The Man who put a spanner in his works...

The Man who put a spanner in his works...

Go back 50 years and there was a little spanner that was quite famous. It adorned just about every car and motorcyle toolkit and many a tradesmans toolbox. The story of the man behind it and how it got its name, is an interesting one.

Thomas Mabbutt was born in Abingdon, Oxfordshire in 1829 to parents who were not formally married, hence he retained his mothers surname. Not much is known about his early life, but it can be assumed it wasn’t a bed of roses as he is recorded on the workhouse register at one point. Just before he entered his teens, the family moved to the British Empires Global Manufacturing Hub, or as it is more commonly known, Birmingham. They went looking for work and legend has it that they walked all the way.

Thomas succeeded in obtaining an apprenticeship to a gunmaker, where he learnt the precision trade and then in 1856, he started his own business and called it ‘Abingdon Works’ after his hometown. The name also conveniently put it at the front of the trade catalogues of the time (fyi younguns, there was a time before search engines when everything was listed alphabetically!). He was in the right place at the right time, as British commitments in the Empire required firearms and the technology was advancing rapidly. The Abingdon Works made ‘Gun Implements’ which are tools for loading, cleaning and maintaining small arms. The little tool company grew and Thomas became comfortably off, but he didn’t forget his humble origins. When the cotton market collapsed, people in Lancashire became destitute and he gave generously to the relief fund as well as other charities, such as those that organised workers 'excursions', which were days out at the weekend to the seaside or other places of interest as a relief to the working week.

The company continued to prosper and by 1861 he employed 25 men and 10 boys. Then America commenced its Civil War and in the years before the US armouries came on stream, Birmingham’s armament manufacturers were kept busy making weapons for both sides in the conflict, which of course meant they needed tools to load and maintain them from the Abingdon Works.

In 1881 the company launched a new type of adjustable spanner. It was small, tough and capable, with a very fine adjustment. Thomas’ hobby was breeding British Bulldogs and he was talented at that too. In line with the the fancy naming of showdogs, his most famous event winner was called 'Abingdon King Dick'. He could think of no better name for his new wrench as it signified ‘The best of the British breed, tough and tenacious’. Dick at that time meant ‘thick and strong’, which is why that great British favourite pudding, Spotted Dick, is spots of currants in a dense, semi-rigid, suet that stands up on its own when tipped from the bowl. It wasn’t until the late 1800’s, some lads in the army started using the term to boast about their private parts and the British have been sniggering over the double entendre ever since. Unless you owned a King Dick tool, because they gained a healthy respect.

In the early 1900’s the company rode the boom in Motorcycles, manufacturing chains, gearboxes, then engines and eventually complete machines sold under the AKD or ‘Abingdon King Dick’ brand. These ceased in the 1930’s. Concentrating on tool making during the Second World War, Abingdon Works decided to focus back on them when the conflict ended and became one of the main hand tool manufacturers in Britain. That little adjustable ‘King Dick’ wrench became quite prolific and graced nearly every car and motorcycle toolkit in the UK until the late sixties. It was even specified by the military for several specialist tasks, with adaptors being made for these unique applications. As vehicle manufacturers dropped supplying toolkits in their vehicles in the 1970’s, King Dick left the consumer market and supplied mainly Industry, so the brand faded from visibility to the general public, only being cherished by those tradesmen ‘in the know’.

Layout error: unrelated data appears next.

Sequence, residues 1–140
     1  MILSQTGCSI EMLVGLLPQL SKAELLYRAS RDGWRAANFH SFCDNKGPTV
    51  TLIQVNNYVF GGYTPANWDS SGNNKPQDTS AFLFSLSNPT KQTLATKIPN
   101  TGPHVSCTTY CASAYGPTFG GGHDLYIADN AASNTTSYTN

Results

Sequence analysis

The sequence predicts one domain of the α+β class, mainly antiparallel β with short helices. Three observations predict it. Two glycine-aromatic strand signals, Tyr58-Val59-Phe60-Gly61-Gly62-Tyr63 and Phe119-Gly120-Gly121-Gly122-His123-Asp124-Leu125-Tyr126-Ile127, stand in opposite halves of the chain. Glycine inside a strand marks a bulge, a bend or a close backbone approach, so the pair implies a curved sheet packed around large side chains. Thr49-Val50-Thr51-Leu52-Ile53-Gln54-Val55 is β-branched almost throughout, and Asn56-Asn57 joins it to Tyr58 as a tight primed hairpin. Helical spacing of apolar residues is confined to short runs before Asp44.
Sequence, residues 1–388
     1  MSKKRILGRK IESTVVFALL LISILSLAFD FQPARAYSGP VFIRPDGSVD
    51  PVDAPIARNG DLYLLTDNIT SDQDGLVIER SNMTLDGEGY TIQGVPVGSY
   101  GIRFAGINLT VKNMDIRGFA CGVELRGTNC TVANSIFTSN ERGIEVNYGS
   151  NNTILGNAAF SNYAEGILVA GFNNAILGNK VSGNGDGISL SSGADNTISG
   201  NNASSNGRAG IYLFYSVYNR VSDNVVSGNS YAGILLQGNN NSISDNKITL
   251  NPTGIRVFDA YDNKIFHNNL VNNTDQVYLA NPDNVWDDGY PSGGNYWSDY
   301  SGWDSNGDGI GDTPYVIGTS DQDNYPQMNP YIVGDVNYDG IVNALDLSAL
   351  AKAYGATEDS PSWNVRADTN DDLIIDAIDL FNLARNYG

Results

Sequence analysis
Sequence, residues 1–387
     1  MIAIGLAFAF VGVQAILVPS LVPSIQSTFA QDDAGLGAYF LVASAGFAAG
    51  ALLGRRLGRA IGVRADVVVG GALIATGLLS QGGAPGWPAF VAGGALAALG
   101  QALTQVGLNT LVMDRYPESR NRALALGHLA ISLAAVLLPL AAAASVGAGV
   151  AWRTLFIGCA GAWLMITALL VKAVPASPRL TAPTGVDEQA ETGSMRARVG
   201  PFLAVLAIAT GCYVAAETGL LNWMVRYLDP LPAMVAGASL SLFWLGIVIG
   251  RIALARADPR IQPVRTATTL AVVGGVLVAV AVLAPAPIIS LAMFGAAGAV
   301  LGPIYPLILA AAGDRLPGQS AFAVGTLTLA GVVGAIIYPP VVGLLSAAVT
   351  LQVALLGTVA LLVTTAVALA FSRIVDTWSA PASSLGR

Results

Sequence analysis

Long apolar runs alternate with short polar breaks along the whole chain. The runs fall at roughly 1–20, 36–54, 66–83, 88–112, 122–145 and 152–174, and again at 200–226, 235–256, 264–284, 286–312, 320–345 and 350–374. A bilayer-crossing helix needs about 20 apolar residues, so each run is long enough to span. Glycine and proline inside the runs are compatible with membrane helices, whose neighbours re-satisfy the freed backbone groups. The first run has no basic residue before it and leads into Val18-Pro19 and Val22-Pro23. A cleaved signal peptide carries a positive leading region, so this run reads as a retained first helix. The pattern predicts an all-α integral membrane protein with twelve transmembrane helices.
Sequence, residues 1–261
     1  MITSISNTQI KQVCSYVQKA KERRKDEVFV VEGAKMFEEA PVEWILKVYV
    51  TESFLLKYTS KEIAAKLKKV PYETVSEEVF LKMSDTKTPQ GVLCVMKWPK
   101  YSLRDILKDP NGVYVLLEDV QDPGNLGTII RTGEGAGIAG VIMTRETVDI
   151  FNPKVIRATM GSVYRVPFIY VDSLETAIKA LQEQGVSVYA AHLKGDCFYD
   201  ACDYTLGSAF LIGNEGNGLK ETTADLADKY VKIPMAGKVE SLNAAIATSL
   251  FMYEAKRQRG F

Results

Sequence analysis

Today they are the only manufacturer still producing their spanners and sockets in the UK. They do not try and compete with cheap imports, relying on quality to make them attractive to individuals and companies that require complete dependability. That quality, accuracy and durability is recognised by businesses that know about such things and still feature hand assembly, companies like Aston Martin, Triumph Motorcycles and British Aerospace, who specify them in their R&D departments and/or production lines. Several of the top motorcycle racing teams use them exclusively.

After learning more about the company and testing the products, C&B have decided it's a range we'd like to stock.  We are proud to be appointed a distributor for King Dick Tools to the restoration market and bring this famous British Made brand back to the enthusiasts attention. At a time when most tool manufacturers have dropped Imperial sizes due to reduced demand, with King Dick we are pleased to be able to offer not just metric, not just AF, but Whitworth too. We'll have all the popular sizes in stock and even be able to obtain specials at very short notice.

There is an indescribable pleasure in using a well made tool and as the old saying goes, "You’ll feel good with a King Dick in your hand" (ooh, sorry vicar…)


Tags: British tools imperial sizes

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